Part Four – Careless Talk

A favorite source of information for the MfS counter-intelligence section was telephone directories.  By comparing editions, changes in both the open and covert structure of organizations could be determined.  Interesting personalities or entities could be referred to other MfS departments, such as HA III, for monitoring.

In 1971 on West Berlin’s Clayallee, Department of the Army Civilian (GS-7) Howard McKee looked up from the papers on his desk in a shielded area set aside for G-2 Security.  McKee looked the part of a British police detective, complete with mustache and sweater.  Currently, he was working on a case involving an officer who said too much, too often, over the telephone at the Harnack House.  He had stopped for a minute to talk with a young Spec 5 who had dropped by to get the results of a background check on his foreign girlfriend.

“She checks out okay.” McKee drew on his pipe. “Actually, I don’t worry too much about you one-term guys.  I know you want to do your jobs right and go home without any trouble.  It’s the career people that I worry about.”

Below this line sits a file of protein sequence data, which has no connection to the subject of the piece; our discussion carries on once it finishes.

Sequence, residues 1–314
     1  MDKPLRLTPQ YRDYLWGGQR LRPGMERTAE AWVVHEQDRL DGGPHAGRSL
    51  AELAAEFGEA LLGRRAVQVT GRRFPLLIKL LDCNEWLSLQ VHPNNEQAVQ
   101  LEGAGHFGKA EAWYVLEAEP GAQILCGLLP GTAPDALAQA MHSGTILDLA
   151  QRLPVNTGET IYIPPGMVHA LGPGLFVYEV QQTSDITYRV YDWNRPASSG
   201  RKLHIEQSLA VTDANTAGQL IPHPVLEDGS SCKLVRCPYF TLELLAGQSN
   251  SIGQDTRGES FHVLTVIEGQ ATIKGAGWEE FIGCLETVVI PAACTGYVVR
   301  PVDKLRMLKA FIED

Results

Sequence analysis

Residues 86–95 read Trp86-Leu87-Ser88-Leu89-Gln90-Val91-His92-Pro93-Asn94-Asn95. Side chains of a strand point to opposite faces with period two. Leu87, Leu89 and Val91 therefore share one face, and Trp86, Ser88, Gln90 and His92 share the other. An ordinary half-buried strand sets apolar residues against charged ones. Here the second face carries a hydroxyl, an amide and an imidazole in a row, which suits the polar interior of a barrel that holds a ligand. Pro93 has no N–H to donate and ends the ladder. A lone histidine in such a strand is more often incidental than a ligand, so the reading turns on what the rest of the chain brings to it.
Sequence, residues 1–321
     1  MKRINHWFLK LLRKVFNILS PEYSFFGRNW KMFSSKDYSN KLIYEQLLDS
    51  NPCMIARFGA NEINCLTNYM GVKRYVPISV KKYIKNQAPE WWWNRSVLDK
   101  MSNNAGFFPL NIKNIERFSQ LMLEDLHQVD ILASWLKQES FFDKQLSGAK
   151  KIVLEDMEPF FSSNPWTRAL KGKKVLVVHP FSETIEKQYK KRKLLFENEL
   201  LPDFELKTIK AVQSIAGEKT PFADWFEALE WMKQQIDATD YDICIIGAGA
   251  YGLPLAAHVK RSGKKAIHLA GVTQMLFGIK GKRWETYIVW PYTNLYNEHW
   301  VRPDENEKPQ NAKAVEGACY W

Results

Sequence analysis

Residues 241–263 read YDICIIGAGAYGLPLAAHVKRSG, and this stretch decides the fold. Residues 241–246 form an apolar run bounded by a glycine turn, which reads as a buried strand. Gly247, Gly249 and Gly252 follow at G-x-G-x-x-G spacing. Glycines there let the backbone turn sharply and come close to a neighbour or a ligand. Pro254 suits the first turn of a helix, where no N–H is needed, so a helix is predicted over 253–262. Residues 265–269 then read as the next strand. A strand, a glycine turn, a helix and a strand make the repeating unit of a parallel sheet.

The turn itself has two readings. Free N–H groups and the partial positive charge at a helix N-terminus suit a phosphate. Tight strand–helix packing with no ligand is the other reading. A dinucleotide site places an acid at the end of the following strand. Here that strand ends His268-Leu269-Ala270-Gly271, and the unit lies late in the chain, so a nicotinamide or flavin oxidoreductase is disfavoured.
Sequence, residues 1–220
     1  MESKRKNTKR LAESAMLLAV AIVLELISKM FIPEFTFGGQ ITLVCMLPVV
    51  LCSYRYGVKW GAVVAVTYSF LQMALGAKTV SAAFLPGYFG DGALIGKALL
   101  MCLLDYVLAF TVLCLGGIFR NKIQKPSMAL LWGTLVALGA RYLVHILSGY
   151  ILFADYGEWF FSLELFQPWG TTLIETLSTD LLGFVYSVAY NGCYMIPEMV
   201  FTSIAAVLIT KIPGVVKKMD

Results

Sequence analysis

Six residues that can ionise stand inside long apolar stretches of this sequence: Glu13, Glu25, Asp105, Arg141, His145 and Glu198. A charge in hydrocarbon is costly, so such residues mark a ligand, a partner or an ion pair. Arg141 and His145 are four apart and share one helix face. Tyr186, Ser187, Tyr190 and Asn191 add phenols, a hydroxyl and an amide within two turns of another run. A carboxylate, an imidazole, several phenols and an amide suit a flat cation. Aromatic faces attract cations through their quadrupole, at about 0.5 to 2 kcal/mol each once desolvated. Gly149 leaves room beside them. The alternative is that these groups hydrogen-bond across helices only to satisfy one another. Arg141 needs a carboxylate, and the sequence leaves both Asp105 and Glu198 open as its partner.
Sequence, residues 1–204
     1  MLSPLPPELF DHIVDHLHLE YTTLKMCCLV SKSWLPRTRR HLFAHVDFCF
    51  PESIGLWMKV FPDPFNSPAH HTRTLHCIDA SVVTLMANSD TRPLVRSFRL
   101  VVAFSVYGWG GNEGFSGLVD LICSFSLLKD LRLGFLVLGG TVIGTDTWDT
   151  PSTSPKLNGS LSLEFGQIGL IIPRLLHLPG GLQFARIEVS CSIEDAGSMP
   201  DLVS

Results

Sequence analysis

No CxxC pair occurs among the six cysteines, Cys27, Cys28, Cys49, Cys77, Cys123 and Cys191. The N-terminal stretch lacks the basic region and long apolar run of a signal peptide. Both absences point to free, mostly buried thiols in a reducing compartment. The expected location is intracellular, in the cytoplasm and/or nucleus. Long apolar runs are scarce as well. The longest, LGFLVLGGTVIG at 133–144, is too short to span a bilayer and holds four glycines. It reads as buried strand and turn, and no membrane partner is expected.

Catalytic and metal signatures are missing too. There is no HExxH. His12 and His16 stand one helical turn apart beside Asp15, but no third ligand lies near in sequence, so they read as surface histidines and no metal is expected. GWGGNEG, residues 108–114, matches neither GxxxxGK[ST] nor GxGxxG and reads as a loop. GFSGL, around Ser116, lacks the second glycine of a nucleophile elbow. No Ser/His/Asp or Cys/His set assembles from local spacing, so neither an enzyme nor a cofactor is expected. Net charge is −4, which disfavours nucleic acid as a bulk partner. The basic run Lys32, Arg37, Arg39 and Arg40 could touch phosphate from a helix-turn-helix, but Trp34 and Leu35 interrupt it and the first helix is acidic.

And he was right.  McKee could have found common ground with Eichner/Dobbert.


Sources for this section:

1. Memo from Lt. Col. Horst Maennchen, Section III, 9 Nov 71.; BstU, MfS – HAIII, No. 7135.

2. Schmidt, Andreas; “Aufklarung” des Funkverkehrs und der Telefongespr√§che in Westdeutschland – Die Hauptabteilung III; in Knabe, Hubertus; “West-Arbeit des MfS”; Ch.Links Verlag; Berlin; 2nd edition 1999.

3. Eichner, Klaus and Dobbert, Andreas; “Headquarters Germany – Die US-Geheimdienste in Deutschland”; edition ost; Berlin; 2001/2008.

4. Author’s discussion with Howard McKee in 1971.  Case cited was hypothetical as example.

Additional information: